Watchdog calls for action to improve patient safety in emergency care

Action is needed to “keep patients safe” in A&Es, the health watchdog has warned.

The Care Quality Commission (CQC) said that safety is a “key area of concern” in urgent and emergency care departments – with almost two thirds (64%) not performing well enough in terms of patient safety.

As of April this year, 8% of A&E departments were deemed to be “inadequate” in terms of safety and 56% “require improvement”, the CQC said.

In its latest report the regulator said this raises “serious concerns about the risk to patients that the pressures on the system are creating”.

The health service must address underlying issues which are leading to pressure on A&Es, it said.

The report, on how the NHS can cope with surges in demand, particularly over winter, states that the health and social care system faces a “formidable challenge” as it is faced with rising demand and caring for patients with increasingly complex needs.

The authors wrote: “The ongoing trend of increasing demand on health and social care services is not abating and it is clear that action is needed now to address the pressures on emergency departments, and in turn keep patients safe.”

The document states that inspections have shown that hospitals across England “are improving many of their services despite the operational pressures they face”. But urgent and emergency care services “are an exception to this”.

The chief inspector of hospitals in England warned that “it cannot be accepted that each winter will be worse than the one before”.

In the foreword to the report, Professor Ted Baker, chief inspector of hospitals for the health regulator, said that demand for care is “inexorably” rising.

He wrote: “The dedication of emergency staff has enabled the service to deliver safe care to many patients.

“However, we have also found exceptions to this. In some of our inspection reports we have highlighted how increasing pressure on emergency departments has led to patients receiving care that is wholly unsatisfactory and in some cases unacceptable.

“The problems in urgent and emergency care are a symptom of much wider capacity problems across health and social care. If we are to reduce the burden on emergency care we must not only learn the lessons from this winter to improve our planning for next winter, we must as a matter of urgency address the underlying system issues.”

He added: “It cannot be accepted that each winter will be worse than the one before – we are already seeing the effect of this on both patients and staff and action needs to be taken now to address these pressures.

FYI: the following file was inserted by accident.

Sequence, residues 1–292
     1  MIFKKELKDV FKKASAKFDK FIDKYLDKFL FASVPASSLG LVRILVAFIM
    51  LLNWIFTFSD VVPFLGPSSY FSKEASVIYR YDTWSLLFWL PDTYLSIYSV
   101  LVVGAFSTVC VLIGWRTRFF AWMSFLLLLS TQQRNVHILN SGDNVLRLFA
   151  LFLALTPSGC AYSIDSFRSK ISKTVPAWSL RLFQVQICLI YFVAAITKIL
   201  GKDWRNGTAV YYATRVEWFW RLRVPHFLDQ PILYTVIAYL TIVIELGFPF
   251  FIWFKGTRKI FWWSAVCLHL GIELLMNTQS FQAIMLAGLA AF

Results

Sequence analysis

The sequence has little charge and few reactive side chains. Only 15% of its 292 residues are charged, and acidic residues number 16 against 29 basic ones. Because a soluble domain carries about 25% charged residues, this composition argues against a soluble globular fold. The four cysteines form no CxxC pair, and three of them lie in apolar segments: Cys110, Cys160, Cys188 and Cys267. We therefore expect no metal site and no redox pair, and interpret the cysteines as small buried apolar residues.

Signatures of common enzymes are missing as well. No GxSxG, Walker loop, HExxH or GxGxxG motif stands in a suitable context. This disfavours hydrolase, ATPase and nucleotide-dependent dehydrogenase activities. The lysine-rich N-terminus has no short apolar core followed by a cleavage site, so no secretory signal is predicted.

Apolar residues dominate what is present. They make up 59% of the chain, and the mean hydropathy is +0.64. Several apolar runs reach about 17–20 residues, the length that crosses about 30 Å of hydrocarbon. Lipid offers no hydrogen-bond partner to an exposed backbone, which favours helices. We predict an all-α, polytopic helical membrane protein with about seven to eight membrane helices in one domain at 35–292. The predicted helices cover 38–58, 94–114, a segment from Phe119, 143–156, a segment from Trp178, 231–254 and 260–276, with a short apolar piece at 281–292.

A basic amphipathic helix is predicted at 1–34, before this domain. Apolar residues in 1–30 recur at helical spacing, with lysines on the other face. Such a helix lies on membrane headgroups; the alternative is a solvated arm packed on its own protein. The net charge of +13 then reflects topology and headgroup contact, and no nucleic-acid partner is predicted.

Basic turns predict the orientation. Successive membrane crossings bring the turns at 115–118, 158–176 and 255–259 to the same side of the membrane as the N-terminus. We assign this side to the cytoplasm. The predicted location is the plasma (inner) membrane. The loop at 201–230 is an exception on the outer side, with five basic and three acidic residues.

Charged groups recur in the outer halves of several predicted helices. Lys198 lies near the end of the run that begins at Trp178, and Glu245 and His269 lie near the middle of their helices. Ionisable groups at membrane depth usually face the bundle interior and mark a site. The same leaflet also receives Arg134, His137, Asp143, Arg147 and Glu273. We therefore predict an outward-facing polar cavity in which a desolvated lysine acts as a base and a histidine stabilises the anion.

“It is clear that what used to work doesn’t work any more – while a long-term plan is developed and implemented to make system-wide and sustainable changes, we need to immediately introduce new ways of collaborating and planning for surges in demand to make sure that next winter is different.”

The report highlights particular concerns raised by emergency care staff including: ambulances queued outside hospitals, staffing problems, the use of corridors to treat patients and ensuring patients get a clinical assessment promptly on arriving in an emergency department.

It shares practical solutions for managing demand in emergency departments.

The solutions focus on action that can be taken to help keep people well and reduce emergency department attendances, steps that emergency departments can take to better manage the flow of patients through the hospital, and ways to help avoid unnecessary admissions.

A Department of Health and Social Care spokesman said: “This report rightly recognises the hard work of staff throughout a winter exacerbated by high levels of flu and extremely bad weather, and while the NHS is ranked as the safest healthcare system in the world, this report also shows what can be done to improve safety in A&E.

“The NHS is already planning for next winter, supported by the £1.6 billion allocated for 2018/19 in the most recent Budget, and the Prime Minister and Jeremy Hunt have committed to a long-term plan with a sustainable multi-year settlement for the NHS to help it manage growing patient demand.”

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